Last Sunday, the eminent scholar of family life, Andrew Cherlin, published an op-ed
in the Washington Post. The Presidential and Vice-Presidential candidates, he observed,
"spent an inordinate amount of precious convention time introducing us to their loved ones." What really impressed him about those loved ones, though, was not the time devoted to them but their diversity. There were step-families, a pregnant teen, an adopted child, a candidate who was previously divorced, and one who was previously widowed, among others. Maybe someday, he mused, a gay or lesbian candidate will stand on a convention stage and give a grateful
shout-out to their same-sex partner.
The diversity of the candidates' loved ones, Cherlin also noted, is a lesson in the diversity of contemporary American households.
Here's another lesson: Cherlin's picture of potential candidates has a hole in it that is 67 million Americans deep. That's the number of adults who are divorced or widowed (and not remarried) or who have always been single, and who do not live with kids. No such persons were represented in Cherlin's tableau.
Sixty-seven million is not the total number of single people in contemporary American society. To get that number, you need to add another 13 million single parents and another 6 million same-sex or different-sex couples (so, 12 million people) who are cohabiting. That gives you the grand total of 92 million unmarried Americans.
When will we see an unmarried candidate on a Democratic or Republican ticket, or even in an op-ed that is supposedly about diversity?
Cherlin pointed to many household types in his essay, including stepfamilies, single parent households, and even the traditional married-with-children households. Not one of the types he mentioned, though, is as commonplace in America as a household he did not mention - the single-person household.
The "loved ones" Cherlin described are also strikingly narrow in an important way: Each is some variation of a nuclear family member - a parent (or step-parent), a sibling (or half-sibling), or a child.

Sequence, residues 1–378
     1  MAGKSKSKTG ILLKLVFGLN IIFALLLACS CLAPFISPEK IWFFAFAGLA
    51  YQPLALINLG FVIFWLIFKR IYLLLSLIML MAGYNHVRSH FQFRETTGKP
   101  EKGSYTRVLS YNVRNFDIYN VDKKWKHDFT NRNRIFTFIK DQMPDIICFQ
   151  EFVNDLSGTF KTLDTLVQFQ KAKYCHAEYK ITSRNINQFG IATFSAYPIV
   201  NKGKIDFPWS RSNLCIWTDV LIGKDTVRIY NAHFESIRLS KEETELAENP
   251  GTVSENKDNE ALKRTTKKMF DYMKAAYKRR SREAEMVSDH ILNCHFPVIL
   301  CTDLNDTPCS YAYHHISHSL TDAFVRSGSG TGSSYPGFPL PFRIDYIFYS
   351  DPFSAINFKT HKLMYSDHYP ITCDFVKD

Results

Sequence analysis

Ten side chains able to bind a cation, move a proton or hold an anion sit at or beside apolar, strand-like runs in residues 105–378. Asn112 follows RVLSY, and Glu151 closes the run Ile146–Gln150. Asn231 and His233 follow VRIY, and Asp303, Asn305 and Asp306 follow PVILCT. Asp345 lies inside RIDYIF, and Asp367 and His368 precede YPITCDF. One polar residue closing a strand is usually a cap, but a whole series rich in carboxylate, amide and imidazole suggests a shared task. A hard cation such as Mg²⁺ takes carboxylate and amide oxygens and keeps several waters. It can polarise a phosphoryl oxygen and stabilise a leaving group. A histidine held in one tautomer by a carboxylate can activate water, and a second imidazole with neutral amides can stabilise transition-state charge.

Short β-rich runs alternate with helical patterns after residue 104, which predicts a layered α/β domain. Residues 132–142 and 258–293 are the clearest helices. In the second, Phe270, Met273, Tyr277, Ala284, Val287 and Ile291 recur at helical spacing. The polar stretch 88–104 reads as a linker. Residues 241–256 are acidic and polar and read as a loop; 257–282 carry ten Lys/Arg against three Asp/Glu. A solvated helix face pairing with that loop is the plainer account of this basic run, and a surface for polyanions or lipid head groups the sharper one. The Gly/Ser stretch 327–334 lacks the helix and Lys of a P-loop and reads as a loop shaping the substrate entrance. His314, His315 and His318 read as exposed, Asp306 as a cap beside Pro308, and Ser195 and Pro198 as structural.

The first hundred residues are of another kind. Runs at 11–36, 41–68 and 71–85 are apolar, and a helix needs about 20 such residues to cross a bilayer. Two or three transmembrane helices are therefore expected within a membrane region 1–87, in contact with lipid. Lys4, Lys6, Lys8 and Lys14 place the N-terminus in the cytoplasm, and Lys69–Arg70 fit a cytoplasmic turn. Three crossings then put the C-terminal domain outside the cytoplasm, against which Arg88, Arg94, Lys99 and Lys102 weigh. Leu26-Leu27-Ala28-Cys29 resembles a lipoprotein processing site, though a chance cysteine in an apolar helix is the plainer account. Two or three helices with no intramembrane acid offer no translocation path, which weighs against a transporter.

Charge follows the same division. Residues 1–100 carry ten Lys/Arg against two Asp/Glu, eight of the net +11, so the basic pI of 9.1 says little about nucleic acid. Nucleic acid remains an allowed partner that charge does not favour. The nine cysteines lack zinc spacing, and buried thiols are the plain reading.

Americans now spend more years of their adult lives unmarried than married. To many people who are single (and to a good number of married people as well), the loved ones in their lives include friends.
How about a shout-out to them?
In a lengthy online Q & A the next day, no one asked Cherlin why he did not include single people or friends or single-person households in his essay on the diversity of American households and families. Perhaps if someone had, he would have said that his article was about families, and single people who have no kids have no family (even though we all have families of origin).
Still, I'd find that unconvincing. After reviewing the criteria that people use in evaluating their families, Cherlin concluded, "Given the demographic diversity of American families, emotional closeness, not who the Census takers find in your home, has become the new gold standard."
Emotional closeness it is. But there seems to be an implication in there that the people who are emotionally close to us need to reside under the same roof in order to count. To me, that seems like tarnished gold.
So how about a little diversity in this essay about diversity? How about imagining a candidate who is single standing on the stage of a Democratic or Republican convention, and thanking all of the people to whom she or he feels close? Then imagine those people welcomed onto the stage, where the candidate embraces one after another as the crowd roars its approval.
That's what I'd call a United States of America, and a truly diverse nation.